Looks to me like the number for your switch is right, 0L 11572-A. But the keys and cylinder are 1A 11582-A. The number you listed is shown in the 1952 Chassis Manual as correct for the 48-50s. That number crosses to the number I listed in the 1964 reprint edition. You'll also need the switch retainer spring, if it's not included with the switch, 0L 11581 (or 1A 11581-B as listed in the 1964 manual), and maybe (if you don't have it) the bezel 0L 11580. These parts are common to all models. Stu
I'm glad to hear that, since I ordered the 8A last night. I didn't see the spring in the catalog, but I wasn't looking for it either. I did see the bezel, and I'll need to order one. Thanks again for the info. This site and you knowledgeable folks are making this project "start" a lot easier. I have not really "worked" on a car since my first... a '57 Ford Custom. But I had to work on that one constantly.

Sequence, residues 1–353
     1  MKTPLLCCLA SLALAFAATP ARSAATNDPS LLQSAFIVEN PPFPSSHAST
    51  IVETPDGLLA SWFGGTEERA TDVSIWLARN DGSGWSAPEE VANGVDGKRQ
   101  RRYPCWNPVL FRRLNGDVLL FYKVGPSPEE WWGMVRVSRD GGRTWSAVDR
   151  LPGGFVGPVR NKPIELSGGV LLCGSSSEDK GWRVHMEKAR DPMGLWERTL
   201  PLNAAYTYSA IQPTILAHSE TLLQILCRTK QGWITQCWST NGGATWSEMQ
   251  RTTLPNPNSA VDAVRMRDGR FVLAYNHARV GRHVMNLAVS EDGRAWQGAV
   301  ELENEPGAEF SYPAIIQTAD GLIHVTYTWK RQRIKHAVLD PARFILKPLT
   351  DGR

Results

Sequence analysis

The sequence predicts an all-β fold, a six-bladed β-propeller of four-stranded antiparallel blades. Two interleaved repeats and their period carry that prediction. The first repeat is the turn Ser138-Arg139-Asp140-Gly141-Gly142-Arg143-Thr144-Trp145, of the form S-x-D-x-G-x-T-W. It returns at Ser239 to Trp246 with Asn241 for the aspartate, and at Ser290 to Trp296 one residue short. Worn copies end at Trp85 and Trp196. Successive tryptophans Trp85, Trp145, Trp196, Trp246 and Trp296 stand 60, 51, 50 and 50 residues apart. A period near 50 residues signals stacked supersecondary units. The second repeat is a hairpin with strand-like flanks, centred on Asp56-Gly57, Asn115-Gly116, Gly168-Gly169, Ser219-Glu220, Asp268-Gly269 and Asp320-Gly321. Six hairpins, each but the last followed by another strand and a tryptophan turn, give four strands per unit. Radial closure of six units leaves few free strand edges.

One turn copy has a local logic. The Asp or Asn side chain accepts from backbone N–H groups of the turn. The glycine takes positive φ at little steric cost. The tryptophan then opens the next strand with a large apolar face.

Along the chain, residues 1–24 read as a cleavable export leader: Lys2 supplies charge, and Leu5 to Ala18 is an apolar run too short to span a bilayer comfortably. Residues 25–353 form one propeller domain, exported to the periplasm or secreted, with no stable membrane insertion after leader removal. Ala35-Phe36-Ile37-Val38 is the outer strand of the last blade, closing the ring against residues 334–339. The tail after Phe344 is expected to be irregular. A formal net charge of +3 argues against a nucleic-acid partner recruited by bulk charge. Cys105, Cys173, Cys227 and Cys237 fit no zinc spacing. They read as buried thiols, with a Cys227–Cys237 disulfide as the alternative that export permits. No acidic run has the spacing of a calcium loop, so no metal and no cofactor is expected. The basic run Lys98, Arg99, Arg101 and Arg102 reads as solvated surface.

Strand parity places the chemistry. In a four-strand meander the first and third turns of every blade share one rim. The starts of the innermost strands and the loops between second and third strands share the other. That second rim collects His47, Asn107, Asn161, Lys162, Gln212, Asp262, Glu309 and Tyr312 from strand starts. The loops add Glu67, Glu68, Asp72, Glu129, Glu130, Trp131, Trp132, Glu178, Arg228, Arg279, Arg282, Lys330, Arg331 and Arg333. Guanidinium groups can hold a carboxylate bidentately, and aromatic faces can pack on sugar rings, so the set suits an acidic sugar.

My truck is currently wired negative ground. It starts and runs, and the ammeter indication is backwards (goes toward discharge with higher RPM).
I want to change it back to positive ground. I think the only thing I need to do after switching the battery leads is to polarize the generator before I start it. Is this correct? I have never polarized a generator, but found these instructions:
"To polarize the generator, simply make a short jumper wire to short between the battery (b or bat) and generator (g or gen) lugs on the voltage regulator. Only a split-second or a spark is required, so simply tap your jumper wire onto the lugs and pull them right back off."
Will that work? My voltage regulator is marked "ARM" "FLD" "BAT" so do I short the BAT to the FLD or to the ARM> I'm assuming the ARM is the armature and the FLD is for Field, so I want to short the BAT to the FLD. Is that correct?
And the coil looks aftermarket. Does it matter if the ground is pos or neg for the coil to work?
Wish I had paid more attention when my Dad was working on cars when I was a kid.
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